Anencephaly, encephalocele, asymmetrical microphthalmia, nasal deformities, cleft lip and palate, and aberrant calcification of the skull are all craniofacial anomalies associated with ABS. The most prevalent visceral abnormalities are omphalocele and gastroschisis.
Amniotic band syndrome is thought to affect 1 in every 1,200 to 15,000 live births. There are no known gender or racial predispositions to amniotic band syndrome. Boston hospital conducted a long-term observation of nearly 300,000 births. A total of 40 infants (1 in every 7,500) born with amniotic band syndrome were identified through this observation.
Diagnosis and treatment
The amniotic bands are difficult to identify on a regular ultrasound and thus, ABS is usually diagnosed at delivery. Doctors usually recommend the patients to a fetal clinic to confirm the diagnosis.
Anatomy ultrasound (to confirm the diagnosis, determine where the bands are placed, and measure blood flow), MRI (to check the severity of constriction and anomalies), and fetal echocardiography (to examine the baby's heart structure and function) are some of the other diagnostic tests available. These techniques give more information and photographs regarding your baby's condition.
In some situations, the disorder can be suspected before birth (prenatally). This is attributed to the results of specialist imaging techniques such as fetal ultrasonography, which can indicate typical malformations. The image of the developing fetus is created using reflected high-frequency sound waves during fetal ultrasonography.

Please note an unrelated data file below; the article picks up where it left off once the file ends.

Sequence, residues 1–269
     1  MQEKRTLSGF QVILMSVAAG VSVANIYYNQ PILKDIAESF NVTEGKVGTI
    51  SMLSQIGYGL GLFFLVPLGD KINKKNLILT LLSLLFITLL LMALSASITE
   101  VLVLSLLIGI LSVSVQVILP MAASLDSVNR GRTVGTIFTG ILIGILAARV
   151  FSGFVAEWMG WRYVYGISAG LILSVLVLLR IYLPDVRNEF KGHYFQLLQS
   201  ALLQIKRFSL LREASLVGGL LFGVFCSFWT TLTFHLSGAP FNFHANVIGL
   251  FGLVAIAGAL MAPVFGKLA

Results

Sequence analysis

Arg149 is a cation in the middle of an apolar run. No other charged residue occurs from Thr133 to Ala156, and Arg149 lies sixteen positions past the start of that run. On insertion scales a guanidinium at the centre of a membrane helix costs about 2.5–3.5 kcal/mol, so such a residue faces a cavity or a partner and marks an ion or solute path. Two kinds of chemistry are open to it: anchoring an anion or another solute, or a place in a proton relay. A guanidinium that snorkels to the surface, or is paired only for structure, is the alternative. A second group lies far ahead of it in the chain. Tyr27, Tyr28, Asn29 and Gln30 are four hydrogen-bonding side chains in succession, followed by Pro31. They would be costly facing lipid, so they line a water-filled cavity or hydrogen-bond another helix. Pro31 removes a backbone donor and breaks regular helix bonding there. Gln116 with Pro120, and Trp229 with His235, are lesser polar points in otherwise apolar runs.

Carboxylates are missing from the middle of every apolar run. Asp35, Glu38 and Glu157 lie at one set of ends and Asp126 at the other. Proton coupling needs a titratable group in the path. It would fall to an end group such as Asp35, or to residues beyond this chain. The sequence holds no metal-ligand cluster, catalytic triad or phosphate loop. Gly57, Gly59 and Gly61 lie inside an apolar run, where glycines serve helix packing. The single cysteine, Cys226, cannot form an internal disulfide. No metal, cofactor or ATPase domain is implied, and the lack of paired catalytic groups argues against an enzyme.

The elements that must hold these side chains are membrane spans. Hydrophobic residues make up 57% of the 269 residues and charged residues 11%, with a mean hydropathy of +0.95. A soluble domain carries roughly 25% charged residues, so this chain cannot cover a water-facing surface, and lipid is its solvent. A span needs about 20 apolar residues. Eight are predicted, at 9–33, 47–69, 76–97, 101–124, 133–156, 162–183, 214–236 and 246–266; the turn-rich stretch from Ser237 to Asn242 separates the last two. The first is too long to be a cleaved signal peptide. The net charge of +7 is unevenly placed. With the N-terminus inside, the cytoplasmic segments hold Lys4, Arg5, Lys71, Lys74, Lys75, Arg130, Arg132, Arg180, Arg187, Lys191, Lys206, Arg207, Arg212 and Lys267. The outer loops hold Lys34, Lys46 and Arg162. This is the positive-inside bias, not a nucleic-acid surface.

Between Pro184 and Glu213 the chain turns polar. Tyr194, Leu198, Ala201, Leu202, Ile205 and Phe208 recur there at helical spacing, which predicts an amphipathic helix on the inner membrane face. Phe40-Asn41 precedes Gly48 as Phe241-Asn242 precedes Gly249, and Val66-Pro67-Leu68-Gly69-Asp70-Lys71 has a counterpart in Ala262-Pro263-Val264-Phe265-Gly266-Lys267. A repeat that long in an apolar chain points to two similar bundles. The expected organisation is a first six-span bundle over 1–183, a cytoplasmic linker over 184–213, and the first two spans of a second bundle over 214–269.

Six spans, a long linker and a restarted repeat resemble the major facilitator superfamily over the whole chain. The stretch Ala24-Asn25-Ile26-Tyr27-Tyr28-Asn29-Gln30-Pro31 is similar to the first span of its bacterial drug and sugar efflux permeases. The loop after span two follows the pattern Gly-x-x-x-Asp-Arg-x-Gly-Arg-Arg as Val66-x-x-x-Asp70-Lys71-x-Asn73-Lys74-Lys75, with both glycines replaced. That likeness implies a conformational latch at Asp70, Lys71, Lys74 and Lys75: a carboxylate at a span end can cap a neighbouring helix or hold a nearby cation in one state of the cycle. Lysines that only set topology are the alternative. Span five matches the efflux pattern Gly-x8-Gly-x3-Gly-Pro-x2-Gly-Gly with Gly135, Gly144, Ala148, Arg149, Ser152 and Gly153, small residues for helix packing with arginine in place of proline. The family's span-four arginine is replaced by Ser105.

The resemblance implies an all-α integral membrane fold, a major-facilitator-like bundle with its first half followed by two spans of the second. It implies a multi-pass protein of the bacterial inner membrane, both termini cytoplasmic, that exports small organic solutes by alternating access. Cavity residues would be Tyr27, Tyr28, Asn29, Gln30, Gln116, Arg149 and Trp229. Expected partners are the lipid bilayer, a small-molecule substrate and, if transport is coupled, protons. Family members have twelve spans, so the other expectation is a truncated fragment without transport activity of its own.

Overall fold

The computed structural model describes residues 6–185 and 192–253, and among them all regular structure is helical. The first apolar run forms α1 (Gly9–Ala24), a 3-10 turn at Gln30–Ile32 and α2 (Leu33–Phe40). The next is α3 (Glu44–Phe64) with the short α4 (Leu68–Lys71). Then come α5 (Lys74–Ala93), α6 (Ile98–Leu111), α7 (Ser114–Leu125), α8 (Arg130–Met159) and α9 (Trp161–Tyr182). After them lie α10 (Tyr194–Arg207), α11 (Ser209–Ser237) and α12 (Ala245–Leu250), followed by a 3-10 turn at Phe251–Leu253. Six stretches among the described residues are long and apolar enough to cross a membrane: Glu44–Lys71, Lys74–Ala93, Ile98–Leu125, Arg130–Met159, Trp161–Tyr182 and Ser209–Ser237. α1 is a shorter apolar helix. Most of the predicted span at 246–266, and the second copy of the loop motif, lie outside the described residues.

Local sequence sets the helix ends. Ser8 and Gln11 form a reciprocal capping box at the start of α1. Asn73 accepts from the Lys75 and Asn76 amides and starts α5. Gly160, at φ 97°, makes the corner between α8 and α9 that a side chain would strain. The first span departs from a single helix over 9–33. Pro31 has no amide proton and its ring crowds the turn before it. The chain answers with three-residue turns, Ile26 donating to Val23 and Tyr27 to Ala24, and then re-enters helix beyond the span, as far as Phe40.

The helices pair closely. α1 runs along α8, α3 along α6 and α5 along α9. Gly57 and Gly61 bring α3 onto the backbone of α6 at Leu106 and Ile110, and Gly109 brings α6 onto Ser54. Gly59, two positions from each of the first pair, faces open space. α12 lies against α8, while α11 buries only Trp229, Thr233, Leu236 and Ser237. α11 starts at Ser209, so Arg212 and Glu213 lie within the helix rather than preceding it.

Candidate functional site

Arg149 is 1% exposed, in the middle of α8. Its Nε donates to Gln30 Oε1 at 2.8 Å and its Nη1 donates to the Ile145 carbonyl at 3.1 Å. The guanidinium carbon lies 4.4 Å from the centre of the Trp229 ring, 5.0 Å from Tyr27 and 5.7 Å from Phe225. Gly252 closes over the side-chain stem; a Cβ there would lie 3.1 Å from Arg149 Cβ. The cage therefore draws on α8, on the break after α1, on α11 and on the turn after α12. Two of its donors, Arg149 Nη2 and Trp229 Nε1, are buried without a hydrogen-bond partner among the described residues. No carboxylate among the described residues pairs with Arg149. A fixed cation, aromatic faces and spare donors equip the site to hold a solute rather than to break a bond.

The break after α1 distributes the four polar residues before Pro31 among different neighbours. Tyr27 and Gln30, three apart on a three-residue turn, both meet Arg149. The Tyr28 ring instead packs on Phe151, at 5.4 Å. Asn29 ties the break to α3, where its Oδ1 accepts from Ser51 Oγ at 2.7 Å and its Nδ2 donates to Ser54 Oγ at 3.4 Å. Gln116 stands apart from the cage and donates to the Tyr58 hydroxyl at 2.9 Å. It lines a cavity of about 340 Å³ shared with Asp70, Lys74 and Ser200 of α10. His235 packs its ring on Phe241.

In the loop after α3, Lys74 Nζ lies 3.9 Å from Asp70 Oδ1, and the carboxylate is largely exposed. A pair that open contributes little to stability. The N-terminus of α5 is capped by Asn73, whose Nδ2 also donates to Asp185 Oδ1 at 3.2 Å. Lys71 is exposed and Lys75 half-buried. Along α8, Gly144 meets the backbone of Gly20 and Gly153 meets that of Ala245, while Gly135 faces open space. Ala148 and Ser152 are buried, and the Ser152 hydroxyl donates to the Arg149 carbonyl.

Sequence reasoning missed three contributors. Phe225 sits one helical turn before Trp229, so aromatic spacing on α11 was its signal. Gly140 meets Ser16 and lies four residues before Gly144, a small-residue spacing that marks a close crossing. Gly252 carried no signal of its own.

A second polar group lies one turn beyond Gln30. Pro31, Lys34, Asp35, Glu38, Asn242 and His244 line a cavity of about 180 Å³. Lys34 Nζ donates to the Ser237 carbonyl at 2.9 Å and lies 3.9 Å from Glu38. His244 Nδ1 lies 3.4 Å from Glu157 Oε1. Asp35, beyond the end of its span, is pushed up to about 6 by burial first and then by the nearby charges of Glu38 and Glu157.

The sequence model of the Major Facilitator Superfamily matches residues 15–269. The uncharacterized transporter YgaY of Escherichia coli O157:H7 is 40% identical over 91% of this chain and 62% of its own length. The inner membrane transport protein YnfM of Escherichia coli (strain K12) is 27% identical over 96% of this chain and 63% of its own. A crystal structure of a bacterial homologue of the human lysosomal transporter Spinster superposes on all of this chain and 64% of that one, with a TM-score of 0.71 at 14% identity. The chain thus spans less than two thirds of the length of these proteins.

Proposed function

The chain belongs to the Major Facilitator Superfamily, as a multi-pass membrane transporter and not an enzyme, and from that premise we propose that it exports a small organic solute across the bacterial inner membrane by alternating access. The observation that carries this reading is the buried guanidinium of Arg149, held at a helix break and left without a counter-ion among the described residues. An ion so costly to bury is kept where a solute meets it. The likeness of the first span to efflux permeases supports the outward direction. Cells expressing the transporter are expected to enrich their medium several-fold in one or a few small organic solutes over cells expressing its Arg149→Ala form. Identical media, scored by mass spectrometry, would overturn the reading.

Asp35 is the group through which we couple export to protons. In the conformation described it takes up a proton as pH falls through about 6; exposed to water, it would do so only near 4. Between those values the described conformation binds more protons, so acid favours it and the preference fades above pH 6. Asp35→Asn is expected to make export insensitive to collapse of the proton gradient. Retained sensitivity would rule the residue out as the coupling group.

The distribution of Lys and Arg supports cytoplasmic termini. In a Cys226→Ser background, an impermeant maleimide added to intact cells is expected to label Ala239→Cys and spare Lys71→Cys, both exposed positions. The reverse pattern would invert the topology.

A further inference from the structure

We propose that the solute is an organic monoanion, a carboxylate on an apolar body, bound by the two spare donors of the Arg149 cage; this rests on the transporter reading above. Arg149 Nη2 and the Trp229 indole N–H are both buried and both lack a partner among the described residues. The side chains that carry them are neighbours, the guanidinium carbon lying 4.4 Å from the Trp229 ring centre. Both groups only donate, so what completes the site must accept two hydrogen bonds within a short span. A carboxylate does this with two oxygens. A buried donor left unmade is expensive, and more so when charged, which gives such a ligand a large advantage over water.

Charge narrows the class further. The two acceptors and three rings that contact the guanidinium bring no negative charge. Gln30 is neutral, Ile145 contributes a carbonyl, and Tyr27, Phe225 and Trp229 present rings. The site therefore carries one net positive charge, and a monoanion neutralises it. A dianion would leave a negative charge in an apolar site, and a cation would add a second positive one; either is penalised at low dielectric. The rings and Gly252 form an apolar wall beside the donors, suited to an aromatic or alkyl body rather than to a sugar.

After the diagnosis, regular monitoring is done to keep a check on the growth and development of the baby. Regular ultrasounds help in identifying possible risks and facilitate the development of a care plan. Treatment usually involves supportive therapies and care.
Mild birth abnormalities may not necessitate medical intervention. However, in severe cases, some infants may require medical or surgical intervention. Babies may require surgery immediately after birth or later in life.
When necessary, emergency surgery to remove the restricting bands is performed. Plastic and reconstructive surgery to correct defects may take months or even years to complete to allow the infant to develop normally. Rehabilitative therapy (physical and occupational) can be used on some infants to help them gain strength and function.
- Eshete, M., Banko, M.A., Hailu, A. et al. (2021). Amniotic band syndrome associated with extremely severe atypical clefts of the orofacial region. Eur J Plast Surg. https://doi.org/10.1007/s00238-021-01860-y
- (2020). Amniotic band syndrome. [Online] Boston’s children hospital. Available at: https://www.childrenshospital.org/conditions-and-treatments/conditions/a/amniotic-band-syndrome
- Amniotic Band Syndrome (ABS). [Online] Nationwide Children’s. Available at: https://www.nationwidechildrens.org/conditions/amniotic-band-syndrome
- (2018). Amniotic Band Syndrome. [Online] National Organization for Rare Disorders. Available at: https://rarediseases.org/rare-diseases/amniotic-band-syndrome/
- All Amniotic Band Syndrome Content
Last Updated: Mar 21, 2022
Source: Read Full Article